"Only the seaIs free of such calculations." Susan Barba Declared 'a poem worth framing' by one reviewer, Susan Barba's How Should We Live Our Lives? dips into a stream of questions and musings reminiscent in style of Mary Oliver's simple and probing verse. She starts with love and trepidation and ends with an… Continue reading Susan Barba – How Should We Live Our Lives?
Kendrick Lamar asks, what kind of society would we have if the promise of '40 acres and mule' had been the 'reconstruction' that actually happened? And where do we go from here?
'So many things seem filled with the intent to be lost,' writes Elizabeth Bishop in the first stanza of one of her most well-known poems. Having lost her father before she even knew him, her mother to mental illness at a very young age, and years later her partner to suicide, Bishop was close to… Continue reading One Art – Elizabeth Bishop’s Poem About Learning to Lose
Poet Marianne Moore once said, 'Poetry watches life with affection,' a sentiment echoed in her poem Black Earth, which featured in a 1924 collection called Observations. In the poem, Moore imagines herself - affectionately - as an elephant, with thick skin 'cut into checkers by rut upon rut of unpreventable experience' that conceals the 'beautiful… Continue reading Black Earth – Marianne Moore
The term between eternity and immortality - our lives - is the subject of Emily Dickinson's poem number 721. It's a gentle vision of life melting and disappearing into a drift and the being itself a 'miracle' as she refers to it in the last verse. She also uses the image of the moon reflected… Continue reading Behind Me – dips Eternity – Emily Dickinson
"Poetry itself is an instrument of resilience," Jane Hirshfield wrote more than a decade ago when referring to her poem 'Optimism' for the Washington Post. Poetry, she continues, reflects "life's continuing embrace of its own implausible, risky existence." A residential Zen student of many years, Jane Hirshfield's work embodies a continuing sense of wonder and… Continue reading Jane Hirshfield’s Ode to Optimism and Resilience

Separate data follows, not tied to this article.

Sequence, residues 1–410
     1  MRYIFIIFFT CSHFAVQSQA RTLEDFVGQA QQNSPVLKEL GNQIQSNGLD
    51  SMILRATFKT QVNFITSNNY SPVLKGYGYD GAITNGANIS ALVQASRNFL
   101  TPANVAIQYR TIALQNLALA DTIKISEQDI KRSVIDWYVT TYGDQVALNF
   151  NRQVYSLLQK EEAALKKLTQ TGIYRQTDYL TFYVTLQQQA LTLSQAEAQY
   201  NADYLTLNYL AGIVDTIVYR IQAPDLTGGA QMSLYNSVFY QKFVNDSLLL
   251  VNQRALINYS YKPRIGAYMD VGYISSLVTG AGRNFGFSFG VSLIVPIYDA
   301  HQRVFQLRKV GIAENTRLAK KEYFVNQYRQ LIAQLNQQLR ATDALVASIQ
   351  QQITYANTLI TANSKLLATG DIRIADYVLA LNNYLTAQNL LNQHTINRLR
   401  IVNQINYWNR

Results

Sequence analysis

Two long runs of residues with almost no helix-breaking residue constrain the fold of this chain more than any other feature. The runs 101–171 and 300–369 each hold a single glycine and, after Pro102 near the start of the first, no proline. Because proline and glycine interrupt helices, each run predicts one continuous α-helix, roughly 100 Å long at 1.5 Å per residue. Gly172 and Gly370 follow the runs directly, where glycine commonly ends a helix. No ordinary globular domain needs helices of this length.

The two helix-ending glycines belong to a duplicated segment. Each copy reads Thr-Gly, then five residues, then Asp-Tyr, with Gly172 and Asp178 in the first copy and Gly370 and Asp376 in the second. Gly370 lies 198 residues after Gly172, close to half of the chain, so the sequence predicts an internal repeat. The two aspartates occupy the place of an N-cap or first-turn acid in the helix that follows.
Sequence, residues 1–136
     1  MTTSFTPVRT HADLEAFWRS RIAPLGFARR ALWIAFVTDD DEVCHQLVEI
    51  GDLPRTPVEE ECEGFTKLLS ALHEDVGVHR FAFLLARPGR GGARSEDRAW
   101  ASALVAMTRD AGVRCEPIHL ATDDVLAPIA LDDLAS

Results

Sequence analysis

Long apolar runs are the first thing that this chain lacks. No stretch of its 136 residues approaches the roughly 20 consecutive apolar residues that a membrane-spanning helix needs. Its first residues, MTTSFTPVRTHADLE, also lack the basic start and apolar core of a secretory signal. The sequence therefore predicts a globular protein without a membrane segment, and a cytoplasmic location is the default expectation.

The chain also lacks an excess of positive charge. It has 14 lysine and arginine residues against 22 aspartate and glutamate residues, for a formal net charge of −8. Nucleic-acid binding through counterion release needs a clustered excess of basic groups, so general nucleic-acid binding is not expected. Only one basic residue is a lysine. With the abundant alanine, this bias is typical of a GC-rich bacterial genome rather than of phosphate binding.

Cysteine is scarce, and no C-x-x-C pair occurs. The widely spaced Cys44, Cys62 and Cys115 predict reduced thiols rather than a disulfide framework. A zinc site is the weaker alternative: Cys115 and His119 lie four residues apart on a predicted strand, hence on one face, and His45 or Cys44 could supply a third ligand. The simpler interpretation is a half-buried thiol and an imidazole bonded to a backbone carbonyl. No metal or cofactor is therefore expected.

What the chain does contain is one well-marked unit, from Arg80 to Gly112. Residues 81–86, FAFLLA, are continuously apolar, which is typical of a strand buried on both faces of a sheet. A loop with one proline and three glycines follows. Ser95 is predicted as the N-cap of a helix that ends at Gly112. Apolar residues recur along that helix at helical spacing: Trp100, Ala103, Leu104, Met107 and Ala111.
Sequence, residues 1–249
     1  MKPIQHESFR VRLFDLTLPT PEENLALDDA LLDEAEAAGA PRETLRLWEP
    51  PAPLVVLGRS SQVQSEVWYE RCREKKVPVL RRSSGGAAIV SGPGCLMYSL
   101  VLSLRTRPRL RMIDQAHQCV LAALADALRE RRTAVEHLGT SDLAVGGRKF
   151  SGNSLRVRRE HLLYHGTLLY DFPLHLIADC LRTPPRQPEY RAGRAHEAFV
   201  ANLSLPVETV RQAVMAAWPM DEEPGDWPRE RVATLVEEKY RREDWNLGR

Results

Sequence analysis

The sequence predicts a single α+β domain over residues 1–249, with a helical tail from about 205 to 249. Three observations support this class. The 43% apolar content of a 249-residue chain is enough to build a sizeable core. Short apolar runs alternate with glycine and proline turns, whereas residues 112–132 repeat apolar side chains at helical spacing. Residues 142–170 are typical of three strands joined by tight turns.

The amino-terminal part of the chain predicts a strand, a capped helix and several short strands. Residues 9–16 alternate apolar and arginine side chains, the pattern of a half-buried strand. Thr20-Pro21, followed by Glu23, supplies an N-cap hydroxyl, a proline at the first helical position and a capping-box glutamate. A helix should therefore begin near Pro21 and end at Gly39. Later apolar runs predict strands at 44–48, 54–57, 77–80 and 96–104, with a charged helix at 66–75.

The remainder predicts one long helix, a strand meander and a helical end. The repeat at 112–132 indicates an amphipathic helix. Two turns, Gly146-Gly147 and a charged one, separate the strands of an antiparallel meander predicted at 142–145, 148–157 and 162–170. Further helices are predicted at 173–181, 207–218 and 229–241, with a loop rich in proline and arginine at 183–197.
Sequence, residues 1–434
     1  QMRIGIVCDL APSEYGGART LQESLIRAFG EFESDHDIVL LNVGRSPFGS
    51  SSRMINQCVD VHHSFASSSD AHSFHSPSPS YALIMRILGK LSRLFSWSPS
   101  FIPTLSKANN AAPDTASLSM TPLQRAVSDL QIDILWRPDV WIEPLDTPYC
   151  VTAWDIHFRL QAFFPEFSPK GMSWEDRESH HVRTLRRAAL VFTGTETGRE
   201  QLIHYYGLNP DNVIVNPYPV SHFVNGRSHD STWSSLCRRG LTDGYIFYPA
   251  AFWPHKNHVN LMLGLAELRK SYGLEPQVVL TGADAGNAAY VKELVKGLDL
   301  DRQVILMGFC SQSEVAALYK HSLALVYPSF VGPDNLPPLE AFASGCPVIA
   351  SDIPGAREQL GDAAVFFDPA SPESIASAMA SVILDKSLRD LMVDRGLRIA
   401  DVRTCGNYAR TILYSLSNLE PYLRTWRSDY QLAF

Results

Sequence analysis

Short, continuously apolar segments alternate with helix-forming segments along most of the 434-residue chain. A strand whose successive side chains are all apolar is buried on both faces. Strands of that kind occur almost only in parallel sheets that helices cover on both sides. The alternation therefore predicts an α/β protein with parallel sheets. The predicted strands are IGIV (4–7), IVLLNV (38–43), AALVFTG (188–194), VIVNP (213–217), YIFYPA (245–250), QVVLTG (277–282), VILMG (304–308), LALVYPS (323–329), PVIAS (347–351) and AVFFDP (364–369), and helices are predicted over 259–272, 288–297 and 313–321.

"To take somebody's adolescence away is to deny that person some of the closest looks at God's face that we ever get on this planet," said songwriter John Darnielle of The Mountain Goats in reference to his song The Best Ever Death Metal Band Out of Denton. The song is an ode to the integrity of adolescent ambitions,… Continue reading The Best Ever Death Metal Band Out of Denton – John Darnielle
“I think there’s a kind of desperate hope built into poetry now that one really wants, hopelessly, to save the world.” These were the words of former Poet Laureate W.S. Merwin whose work reflected his lifelong concern and respect for the natural world. Merwin moved to Hawaii in 1977 in order to study Zen Buddhism,… Continue reading W.S. Merwin – Variation on a Theme
In her poem, Life is Beautiful, Dorianne Laux is literally making art from trash as she considers the wonder of a fly and its lifecycle through the things that we discard. That the miraculous can exist in the most pungent and fecund places, and that the birth of a maggot in such a world can… Continue reading Dorianne Laux – Life is Beautiful
The image of a caged bird is one that Maya Angelou used repeatedly to illustrate the struggle of African-Americans during the Civil Rights era in the United States. A powerful image, it can also represent the wider human endeavor towards freedom of every variety, both internal and external. The free bird is the one who… Continue reading The Caged Bird Sings of Freedom